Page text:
It would be more accurate to compare the word ungodliness used in Romans 1:26 with its use in Jude 1 because both passages address sexual perversion: "Sodom and Gomorrah and the surrounding towns gave themselves up to sexual immorality and perversion. They serve as an example of those who suffer the punishment of eternal fire" (Jude 1:7). 

Comparing similar passages is important. Comparing dissimilar passages isn't helpful, honest, logical, nor intelligent.

5. The most important context is the context of the actual passage, not the context of similar words in other passages

Nothing in the context of Romans 1 pertains to church or cultural traditions or customs. Nor is homosexuality merely on a list of other sins. It is specifically highlighted in this passage as a sign of serious moral decline, unnatural and shameful in any culture. 

6. False teachers often contradict their own teachings.

In Matthew Vines' explanation of Romans 1, he contradicts his own arguments. First, he claims Romans 1 does not address homosexuals involved in same-gender sex. Then, he claims it does address homosexuals involved in same-gender sex but from a cultural bias. Vines' arguments show a lack of scholarship and a lack of logic. Some would call this grasping at straws.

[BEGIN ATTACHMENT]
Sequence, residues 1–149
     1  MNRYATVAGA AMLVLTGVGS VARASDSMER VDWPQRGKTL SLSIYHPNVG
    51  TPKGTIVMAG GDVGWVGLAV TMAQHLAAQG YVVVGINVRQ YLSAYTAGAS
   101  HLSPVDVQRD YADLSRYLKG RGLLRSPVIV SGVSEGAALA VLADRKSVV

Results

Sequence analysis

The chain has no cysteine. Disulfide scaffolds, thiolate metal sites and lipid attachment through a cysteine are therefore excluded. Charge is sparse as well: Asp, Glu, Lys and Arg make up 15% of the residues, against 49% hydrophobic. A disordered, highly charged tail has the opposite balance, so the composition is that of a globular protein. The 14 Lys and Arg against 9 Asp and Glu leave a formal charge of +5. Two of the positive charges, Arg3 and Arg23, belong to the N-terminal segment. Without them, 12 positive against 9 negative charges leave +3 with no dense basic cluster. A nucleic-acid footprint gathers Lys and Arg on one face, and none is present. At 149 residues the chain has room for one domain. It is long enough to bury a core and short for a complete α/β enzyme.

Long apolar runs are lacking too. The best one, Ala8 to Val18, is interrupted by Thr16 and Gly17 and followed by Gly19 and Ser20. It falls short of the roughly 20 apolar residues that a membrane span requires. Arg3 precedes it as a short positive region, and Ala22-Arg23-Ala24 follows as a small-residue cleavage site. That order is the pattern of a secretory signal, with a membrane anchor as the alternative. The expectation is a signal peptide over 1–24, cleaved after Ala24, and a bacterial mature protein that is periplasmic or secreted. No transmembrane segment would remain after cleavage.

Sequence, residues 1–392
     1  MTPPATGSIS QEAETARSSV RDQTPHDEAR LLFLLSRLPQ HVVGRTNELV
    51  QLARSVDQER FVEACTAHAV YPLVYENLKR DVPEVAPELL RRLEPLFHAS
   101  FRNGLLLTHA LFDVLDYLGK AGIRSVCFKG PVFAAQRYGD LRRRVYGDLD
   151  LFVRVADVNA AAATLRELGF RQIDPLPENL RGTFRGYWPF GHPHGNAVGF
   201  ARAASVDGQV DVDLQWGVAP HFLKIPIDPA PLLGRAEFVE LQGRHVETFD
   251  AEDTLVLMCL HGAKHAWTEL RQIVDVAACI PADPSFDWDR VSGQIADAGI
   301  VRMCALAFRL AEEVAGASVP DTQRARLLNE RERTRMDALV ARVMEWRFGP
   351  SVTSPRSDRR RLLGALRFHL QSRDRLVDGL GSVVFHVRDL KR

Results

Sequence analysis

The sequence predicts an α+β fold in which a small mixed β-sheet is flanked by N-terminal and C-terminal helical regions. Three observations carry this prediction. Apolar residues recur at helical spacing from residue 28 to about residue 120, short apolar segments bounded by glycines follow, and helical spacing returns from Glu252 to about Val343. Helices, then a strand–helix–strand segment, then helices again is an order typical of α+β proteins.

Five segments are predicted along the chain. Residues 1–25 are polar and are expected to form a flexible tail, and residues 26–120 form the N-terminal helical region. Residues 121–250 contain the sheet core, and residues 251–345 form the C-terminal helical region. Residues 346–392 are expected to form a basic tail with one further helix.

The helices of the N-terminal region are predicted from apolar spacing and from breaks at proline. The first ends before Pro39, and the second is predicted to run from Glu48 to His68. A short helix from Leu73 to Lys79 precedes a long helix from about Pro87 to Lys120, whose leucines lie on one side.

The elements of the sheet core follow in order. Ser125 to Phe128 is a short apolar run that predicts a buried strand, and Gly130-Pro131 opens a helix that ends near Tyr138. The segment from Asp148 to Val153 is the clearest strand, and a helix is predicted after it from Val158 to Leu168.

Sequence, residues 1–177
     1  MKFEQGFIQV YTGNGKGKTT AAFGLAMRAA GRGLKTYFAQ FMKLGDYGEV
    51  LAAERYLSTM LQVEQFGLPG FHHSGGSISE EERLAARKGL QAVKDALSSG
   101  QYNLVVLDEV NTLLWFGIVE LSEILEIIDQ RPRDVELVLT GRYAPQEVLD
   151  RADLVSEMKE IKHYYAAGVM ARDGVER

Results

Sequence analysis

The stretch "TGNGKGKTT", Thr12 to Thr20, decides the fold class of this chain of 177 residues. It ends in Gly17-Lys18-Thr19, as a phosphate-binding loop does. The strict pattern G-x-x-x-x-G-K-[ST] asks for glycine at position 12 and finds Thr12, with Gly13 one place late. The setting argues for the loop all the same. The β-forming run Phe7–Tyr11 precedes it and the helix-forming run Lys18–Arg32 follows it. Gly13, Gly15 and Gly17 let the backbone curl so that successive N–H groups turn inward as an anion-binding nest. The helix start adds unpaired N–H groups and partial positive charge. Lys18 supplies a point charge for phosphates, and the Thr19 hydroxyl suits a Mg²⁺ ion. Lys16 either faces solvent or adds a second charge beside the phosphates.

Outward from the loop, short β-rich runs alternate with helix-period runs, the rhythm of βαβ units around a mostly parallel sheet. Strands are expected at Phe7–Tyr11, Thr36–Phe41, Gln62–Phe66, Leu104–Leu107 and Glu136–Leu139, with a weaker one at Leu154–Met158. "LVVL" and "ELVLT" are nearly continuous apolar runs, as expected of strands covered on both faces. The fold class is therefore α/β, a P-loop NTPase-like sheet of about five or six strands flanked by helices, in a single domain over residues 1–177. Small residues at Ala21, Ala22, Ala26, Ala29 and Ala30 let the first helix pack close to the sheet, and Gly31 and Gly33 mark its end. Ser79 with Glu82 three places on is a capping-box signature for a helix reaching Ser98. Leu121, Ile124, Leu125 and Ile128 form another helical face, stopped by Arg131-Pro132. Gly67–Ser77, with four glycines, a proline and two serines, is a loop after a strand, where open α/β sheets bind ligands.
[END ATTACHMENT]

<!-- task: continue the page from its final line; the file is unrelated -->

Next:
In addition to these points, there is a very interesting element in 1 Corinthians 11 that further refutes gay revisionist explanations. Paul bases these temporary cultural customs on the permanent, unchanging framework of God's creation design which says woman was created for man (1 Corinthians 11:8-11). Customs involving hair length may change; God's sexual design does not. Comparing Romans 1 with this passage actually confirms the importance of God's creation design.

To read more about gay revisionist explanations of Romans 1, see Natural and Unnatural Interpretations. It addresses the false teaching that Romans only applies to perverted heterosexuals, not monogamous homosexuals. And if you want to read more about head coverings, see Should Women Wear Head coverings? 

To read more explanations of the errors in gay revisionist theology, see the articles below: